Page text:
Thomas felt invisible on the field on Sunday as he connected
with Orton only once. The rookie seemed to struggle with getting any
significant separation, and while Orton targeted him a few times, he
never looked truly open. He did not get much attention from Orton who
was looking elsewhere and needs to work on his route running if he
wishes to be a factor this year.
Whether Wes Welker is the cause of Denver's focus on the short passing game or merely a beneficiary, he continued his excellent season against the Eagles with his best game yet. On Denver's first play of the game, Welker demonstrated a skill set he didn't often get to use in New England; while Philadelphia was initially able to cover everything, excellent protection by Denver's offensive line bought Welker time to work open down the field for a 33 yard reception, with most of the yardage coming through the air. After that, Welker spent the remainder of the game attacking a defense which was already soft in the middle and lacking their starting safety, Patrick Chung. Philadelphia had few answers for Welker, who was able to increase his touchdown total to 6 through four games, matching his total from the entire 2012 season.
Was not targeted a lot but he made a catch with Tramon Williams playing him way off the ball. Willis was lined up wide right on a 3rd and long producing a first down for the Broncos.
Alexander was used as a target over the middle. He was utilized as more of a safety valve.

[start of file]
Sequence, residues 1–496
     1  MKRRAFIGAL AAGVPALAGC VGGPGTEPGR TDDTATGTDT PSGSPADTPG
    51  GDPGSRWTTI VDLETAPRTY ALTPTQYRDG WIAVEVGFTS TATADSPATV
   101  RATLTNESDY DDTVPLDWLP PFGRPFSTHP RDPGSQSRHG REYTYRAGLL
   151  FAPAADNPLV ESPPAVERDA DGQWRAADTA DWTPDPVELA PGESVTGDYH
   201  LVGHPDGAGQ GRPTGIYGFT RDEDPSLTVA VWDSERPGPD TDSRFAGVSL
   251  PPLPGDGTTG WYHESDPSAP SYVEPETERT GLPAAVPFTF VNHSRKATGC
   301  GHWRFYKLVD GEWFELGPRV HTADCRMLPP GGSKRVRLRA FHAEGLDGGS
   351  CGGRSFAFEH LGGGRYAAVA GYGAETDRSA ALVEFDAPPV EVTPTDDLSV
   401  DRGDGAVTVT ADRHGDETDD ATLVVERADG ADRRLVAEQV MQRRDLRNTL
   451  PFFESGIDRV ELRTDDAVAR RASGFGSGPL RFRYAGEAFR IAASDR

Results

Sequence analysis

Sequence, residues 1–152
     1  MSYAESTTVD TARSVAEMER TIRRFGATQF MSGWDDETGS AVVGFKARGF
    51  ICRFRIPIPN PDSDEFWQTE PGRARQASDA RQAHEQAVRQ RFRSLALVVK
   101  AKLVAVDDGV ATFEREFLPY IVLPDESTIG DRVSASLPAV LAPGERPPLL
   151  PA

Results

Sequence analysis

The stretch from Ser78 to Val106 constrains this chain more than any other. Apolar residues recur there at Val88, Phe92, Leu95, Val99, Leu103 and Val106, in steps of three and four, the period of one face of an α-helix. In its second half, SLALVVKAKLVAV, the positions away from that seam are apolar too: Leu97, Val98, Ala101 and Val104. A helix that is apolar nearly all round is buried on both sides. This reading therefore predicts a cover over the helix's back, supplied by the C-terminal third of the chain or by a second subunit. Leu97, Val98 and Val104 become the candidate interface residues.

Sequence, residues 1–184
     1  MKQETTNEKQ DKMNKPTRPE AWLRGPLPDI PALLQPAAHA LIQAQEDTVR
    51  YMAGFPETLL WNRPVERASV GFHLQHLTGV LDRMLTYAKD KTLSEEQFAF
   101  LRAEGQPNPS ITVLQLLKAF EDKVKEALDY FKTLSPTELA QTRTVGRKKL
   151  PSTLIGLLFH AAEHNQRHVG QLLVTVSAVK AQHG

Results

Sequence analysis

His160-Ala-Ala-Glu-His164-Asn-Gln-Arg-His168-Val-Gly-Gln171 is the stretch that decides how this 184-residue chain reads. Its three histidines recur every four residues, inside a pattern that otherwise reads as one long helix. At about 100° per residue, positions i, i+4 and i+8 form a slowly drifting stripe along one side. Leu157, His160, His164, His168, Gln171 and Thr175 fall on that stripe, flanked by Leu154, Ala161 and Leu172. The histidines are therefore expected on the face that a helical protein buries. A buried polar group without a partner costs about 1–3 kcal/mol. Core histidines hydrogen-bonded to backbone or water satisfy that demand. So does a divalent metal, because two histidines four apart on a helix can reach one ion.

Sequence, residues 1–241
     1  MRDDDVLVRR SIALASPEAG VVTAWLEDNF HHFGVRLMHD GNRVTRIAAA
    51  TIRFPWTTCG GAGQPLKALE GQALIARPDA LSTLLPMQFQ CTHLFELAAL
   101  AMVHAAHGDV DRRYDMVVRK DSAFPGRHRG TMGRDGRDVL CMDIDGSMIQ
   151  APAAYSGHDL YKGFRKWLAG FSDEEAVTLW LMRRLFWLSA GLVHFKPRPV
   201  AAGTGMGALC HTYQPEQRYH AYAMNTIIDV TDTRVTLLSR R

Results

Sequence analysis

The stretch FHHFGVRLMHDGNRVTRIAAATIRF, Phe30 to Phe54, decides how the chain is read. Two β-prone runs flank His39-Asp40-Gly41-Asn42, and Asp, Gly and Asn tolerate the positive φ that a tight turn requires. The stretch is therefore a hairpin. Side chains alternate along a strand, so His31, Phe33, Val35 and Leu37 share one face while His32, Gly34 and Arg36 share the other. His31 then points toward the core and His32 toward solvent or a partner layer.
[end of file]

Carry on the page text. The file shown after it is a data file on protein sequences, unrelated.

Putzier was used on some deeper routes. He showed some strength as he dragged a Jacksonville defensive back a few yards for a first down on one of his receptions.
In terms of yardage, Jackson was the second leading receiver in this game on the Denver Broncos squad, posting 24 yards on his one catch. Both of his targets came in the second quarter, none in the second half.
Carswell scored both of the touchdowns for the Denver Broncos in the second quarter. The first was for two yards, the second for one yard. He was not targeted any other time in the game.
Dreessen caught both targets on Sunday, but only one was of relevance. Racing down the seam on the Broncos’ opening drive, Dreessen made a tremendous catch on his 22-yard TD. Manning used play-action allowing Dreessen to get behind LB Phillip Weaver before dropping pass into the hands of the diving Dreessen. Later Manning would try a screen similar to his 30-yarder in week three against Houston, but Oakland read it well and knocked Dreessen for a five-yard loss. Like Tamme, Dreessen was all but none-existent in the 2nd half.
Mostly used as a blocker and then at times a simple check down for Orton.
Despite Joel Dreessen catching the TD on Sunday, Tamme was Manning’s favorite TE. Second on the team with six targets, Tamme caught five, including a quick pop pass on 4th down on Denver’s opening TD drive for eight yards and another short crosser on the play prior to the 4th down for six yards. As the game progressed and Denver assumed obvious control, Tamme was less involved (catching only one pass in the 2nd half, early in the 3rd quarter).